The NCPC publishes periodic articles under the title "Planning for Eldercare". Each article is written to help families recognize the need for long term care planning and to help implement that planning. All elderly people, regardless of current health, should have a long term care plan. Learn More...
From its inception, the goal of the National Care Planning Council has been to educate the public on the importance of planning for long term care. With that goal in mind, we have created the largest and most comprehensive source of long term care planning material available anywhere. This material -- "Guide to Long Term Care Planning" -- is free to the public for downloading and printing on all of our web sites. Learn More...
If one person has been designated as the family care coordinator and wants the other persons attending the meeting to give support with respite care, transportation to doctors, etc., everyone needs to be aware of this and in total agreement to do it. All must also be willing to work with the member of the family, friend or professional who is the care coordinator. If each attendee is given a copy of the instructions and wishes, he or she will be more understanding and supportive.
If the family care coordinator and/or the caregiver is not a family member, it is important that the family know this and that they are willing to work with these persons in support of the care.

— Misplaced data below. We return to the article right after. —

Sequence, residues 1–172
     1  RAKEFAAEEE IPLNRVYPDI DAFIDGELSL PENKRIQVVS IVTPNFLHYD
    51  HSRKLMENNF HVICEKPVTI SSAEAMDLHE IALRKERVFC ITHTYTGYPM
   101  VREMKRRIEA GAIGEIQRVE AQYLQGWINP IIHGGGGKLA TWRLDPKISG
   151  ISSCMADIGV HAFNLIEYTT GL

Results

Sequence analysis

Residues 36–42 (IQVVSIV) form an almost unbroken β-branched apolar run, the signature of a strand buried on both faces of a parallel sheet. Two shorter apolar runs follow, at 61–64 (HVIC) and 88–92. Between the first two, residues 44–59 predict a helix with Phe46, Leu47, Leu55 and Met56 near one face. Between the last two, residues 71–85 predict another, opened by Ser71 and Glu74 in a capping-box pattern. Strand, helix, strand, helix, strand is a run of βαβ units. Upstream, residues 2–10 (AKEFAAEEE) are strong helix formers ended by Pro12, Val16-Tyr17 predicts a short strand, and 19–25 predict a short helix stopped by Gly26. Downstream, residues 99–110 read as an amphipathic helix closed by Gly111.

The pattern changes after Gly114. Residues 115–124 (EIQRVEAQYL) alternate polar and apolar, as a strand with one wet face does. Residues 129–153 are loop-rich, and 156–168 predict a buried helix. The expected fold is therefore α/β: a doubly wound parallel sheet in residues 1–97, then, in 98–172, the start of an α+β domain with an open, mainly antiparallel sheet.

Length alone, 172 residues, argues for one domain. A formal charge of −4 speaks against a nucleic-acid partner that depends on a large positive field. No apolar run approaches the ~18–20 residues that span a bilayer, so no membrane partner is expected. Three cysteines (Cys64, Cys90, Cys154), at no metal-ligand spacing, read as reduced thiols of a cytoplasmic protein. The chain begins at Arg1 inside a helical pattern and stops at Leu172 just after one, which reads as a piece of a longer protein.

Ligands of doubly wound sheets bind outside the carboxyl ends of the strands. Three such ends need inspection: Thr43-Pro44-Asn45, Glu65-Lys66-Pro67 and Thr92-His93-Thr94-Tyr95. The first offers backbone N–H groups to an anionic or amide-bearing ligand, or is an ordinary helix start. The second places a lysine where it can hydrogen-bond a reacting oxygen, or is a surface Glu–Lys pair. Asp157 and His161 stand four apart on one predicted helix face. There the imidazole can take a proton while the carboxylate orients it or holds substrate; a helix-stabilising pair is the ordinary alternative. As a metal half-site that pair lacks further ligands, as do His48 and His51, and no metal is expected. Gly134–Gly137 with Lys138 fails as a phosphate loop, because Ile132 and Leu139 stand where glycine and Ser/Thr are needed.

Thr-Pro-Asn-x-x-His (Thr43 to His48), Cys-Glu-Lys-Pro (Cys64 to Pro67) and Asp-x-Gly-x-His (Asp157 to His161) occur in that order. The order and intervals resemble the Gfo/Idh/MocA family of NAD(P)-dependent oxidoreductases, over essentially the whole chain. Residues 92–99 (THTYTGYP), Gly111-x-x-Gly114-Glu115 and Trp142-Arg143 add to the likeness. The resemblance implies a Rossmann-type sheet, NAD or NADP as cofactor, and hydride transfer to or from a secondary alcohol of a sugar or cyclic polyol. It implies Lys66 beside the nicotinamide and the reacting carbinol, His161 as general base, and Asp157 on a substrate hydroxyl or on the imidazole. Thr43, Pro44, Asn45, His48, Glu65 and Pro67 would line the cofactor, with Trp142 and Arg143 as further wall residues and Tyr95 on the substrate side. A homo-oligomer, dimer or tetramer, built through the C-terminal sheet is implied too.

We keep saying "IMPORTANT" as we talk about bringing the participants together. Experience has shown that even families that are close can quickly grow angry, jealous and hostile towards each other when an aging parent begins to need long term care. If a sibling moves into the parent's home, others can easily be suspicious of ulterior motives and fear to lose their inheritance. On the other hand, the child doing the entire care taking becomes bitter and feels there is no support or help from siblings.
Karen, who is a single mom with two children, moves in with her parents after her father has a stroke to help her mother take care of him. Her mother is not totally physically capable of caring for her husband. Needing money to pay for a home care service, Karen encourages her mother do a reverse mortgage on the home, which will provide the needed funds. Karen's brother becomes upset and persuades his parents not to do the reverse mortgage. He doesn't tell his sister that he suspects she is trying to get the money out of the house to benefit herself. If communication had been open and Karen's brother had known the need and been involved with his parents care, he would not have reacted negatively.
Every family is different. Some families are close and some have never been compatible. Nonetheless, all family members should be invited to the agreement meeting. If you feel the communication will be strained, consider having a professional mediator present.
The mediator will be able to keep things calm and running smoothly and help work out each person's concern. Make sure you get everyone's consent before bringing in a mediator.
Then--and here is another IMPORTANT issue--ask for each member attending to give his or her input. Allow participants to voice their concerns and give suggestions. Encourage each person to tell what he likes and dislikes about the care plan. For those who disagree, ask how they would like to see that part handled.
This does not mean you need to change your plan. The person needing the care is the ultimate decision maker. But if a small change will make everyone more supportive, it is worth it. It is very important not to dictate but to encourage attendees to communicate their concerns, their desires or their suggestions and be a part of the long term care plan.